Beginner’s Longsword – Terminology for Sitting Drills

We have a student with an injured foot so we’ve been focusing binding exercises from a sitting.

For these drills one fencer will be designated as the “agent”, the other the “patient”. The agent is the fencer who performs the first action in the drill to which the patient will respond.

Drill 1 : Basic Attacks from the Bind

From a siting position (or on the knees) the two fencers place their swords in contact, edge on edge, with light pressure. This is known as Anbinden or Binding. The fencers should start in a neutral bind, which is to say that the swords are crossed at the same point, roughly the middle, and neither is pushing down on the other.

For this drill, the agent (first fencer) has two options.

  1. He can press down on the patient’s blade just far enough to make room for thrust.
  2. He can leave the bind by breaking contact and striking to the other side. (A technique known as Umbschlagen or Striking Around)

Option 1 is known as being “strong” in the bind, option 2 is being “weak” in the bind (until the moment you leave it entirely).

After the agent can successful perform both types of attacks, we turn to the patient fencer’s counter.

Drill 2: Counter to the Thrust

If the agent is strong in the bind, the patient resists for a moment. This is to encourage the agent to press even harder. When he does so, the patient will stop resisting and angle his sword so that the agent’s blade slides off. This happens because of the sudden release of pressure and is known as Ablauffen or Running Off.

As soon as the patient’s blade is clear, he strikes to the other side.

Drill 3: Counter to Striking Around

If the agent is weak in the bind and inclined to strike around, the patient should allow him to leave the bind. As soon as the agent’s sword passes to the other side, the patient shall thrust at the throat.

During this thrust, the patient turns the long edge of his sword towards his opponent’s blade. By doing so, it will parry the oncoming cut at the same time the point lands. This is known as Absetzen or Setting Off.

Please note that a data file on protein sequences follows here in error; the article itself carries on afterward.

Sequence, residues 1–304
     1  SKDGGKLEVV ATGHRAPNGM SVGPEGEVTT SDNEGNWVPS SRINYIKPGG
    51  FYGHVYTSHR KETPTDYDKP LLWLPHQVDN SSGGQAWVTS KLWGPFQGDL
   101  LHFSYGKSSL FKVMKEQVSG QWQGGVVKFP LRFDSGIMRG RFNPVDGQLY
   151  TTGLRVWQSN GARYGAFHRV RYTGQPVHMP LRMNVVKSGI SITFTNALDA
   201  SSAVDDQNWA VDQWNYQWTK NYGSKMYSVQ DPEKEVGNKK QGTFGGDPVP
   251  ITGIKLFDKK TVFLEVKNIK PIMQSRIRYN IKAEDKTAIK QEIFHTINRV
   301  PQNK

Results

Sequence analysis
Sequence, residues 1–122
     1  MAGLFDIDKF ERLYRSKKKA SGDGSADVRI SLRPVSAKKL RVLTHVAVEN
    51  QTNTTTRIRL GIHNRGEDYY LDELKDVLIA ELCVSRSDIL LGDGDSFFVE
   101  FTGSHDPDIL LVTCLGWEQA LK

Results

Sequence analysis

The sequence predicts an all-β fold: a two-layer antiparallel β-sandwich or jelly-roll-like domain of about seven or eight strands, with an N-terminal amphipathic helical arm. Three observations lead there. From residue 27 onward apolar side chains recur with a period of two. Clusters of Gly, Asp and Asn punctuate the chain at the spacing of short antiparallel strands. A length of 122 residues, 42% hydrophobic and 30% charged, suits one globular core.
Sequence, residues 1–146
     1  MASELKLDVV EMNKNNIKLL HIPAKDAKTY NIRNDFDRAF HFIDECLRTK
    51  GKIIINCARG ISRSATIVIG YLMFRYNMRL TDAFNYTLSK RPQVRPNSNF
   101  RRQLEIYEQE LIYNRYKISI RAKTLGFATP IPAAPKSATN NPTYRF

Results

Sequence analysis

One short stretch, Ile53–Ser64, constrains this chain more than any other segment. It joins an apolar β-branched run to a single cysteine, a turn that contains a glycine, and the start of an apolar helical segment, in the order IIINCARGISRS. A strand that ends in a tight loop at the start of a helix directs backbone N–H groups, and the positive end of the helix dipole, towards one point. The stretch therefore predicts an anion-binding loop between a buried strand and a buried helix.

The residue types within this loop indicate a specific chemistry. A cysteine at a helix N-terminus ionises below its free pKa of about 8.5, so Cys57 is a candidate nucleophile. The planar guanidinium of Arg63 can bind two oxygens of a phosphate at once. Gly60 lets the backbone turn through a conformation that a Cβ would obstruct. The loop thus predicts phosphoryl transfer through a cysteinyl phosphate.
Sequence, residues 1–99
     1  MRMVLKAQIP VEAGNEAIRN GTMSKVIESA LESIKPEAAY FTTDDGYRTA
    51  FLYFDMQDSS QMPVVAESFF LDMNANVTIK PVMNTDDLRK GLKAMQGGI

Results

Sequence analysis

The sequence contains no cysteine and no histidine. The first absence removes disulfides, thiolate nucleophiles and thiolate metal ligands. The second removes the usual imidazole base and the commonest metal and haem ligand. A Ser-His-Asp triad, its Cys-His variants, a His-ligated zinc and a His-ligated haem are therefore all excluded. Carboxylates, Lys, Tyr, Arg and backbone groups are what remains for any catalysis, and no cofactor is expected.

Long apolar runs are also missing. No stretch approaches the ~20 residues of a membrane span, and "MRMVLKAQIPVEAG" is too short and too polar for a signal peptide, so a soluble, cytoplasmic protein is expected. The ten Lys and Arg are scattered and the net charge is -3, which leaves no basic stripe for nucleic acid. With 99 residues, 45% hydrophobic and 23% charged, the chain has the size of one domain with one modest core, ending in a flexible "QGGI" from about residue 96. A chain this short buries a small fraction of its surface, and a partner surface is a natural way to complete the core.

Drill 4: Feeling

In the previous two drills, the patient knew exactly what was coming. For the fourth drill, the agent can choose between his two attacks. Because these attacks come so fast, the patient may not see which was chosen in time to respond.

So instead of relying on site, the patient should instead rely on feeling. Known as Fülen in German, this simply means to pay attention to the pressure your opponent’s sword is putting on yours as a way to predict his action. If there is a lot of pressure, choose the first counter. If the pressure is light, he is probably about to leave the bind and the second counter is preferable.

Drill 5: Binding on the Weak of the Sword

For this next drill, the patient’s blade should be against the weak (upper half) of the agent’s sword. This gives the patient the ability to dominate the agent’s sword, but it also gives the agent another attack.

From this bind, the agent shall push down with the rear hand while pulling up with the front hand. In this manner the point goes backwards and high. As soon as it clears, reverse direction so that the blade drops on the patient’s head or arms. This technique is known as Zucken, which can be translated as Pulling or Twitching.

If you are using sharp steel (please don’t) or synthetics with friction tape, you may find this a little awkward. To make this easier, the agent can turn his sword slightly while pulling so that his flat slides along his opponent’s sword instead of his edge.

Drill 6: Binding on the Strong of the Sword

If the patient’s blade is against the agent’s strong (lower half of the blade), the agent can thrust while rotating his sword so that he traps the patient’s blade in the corner between his blade and hilt. The rotation of the blade is known as Winden or Winding.

In some manuals such as Codex Wallerstein (shown below), the agent will also reverse his rear hand. This allows him to push the hilt higher and get a better angle for his thrust.


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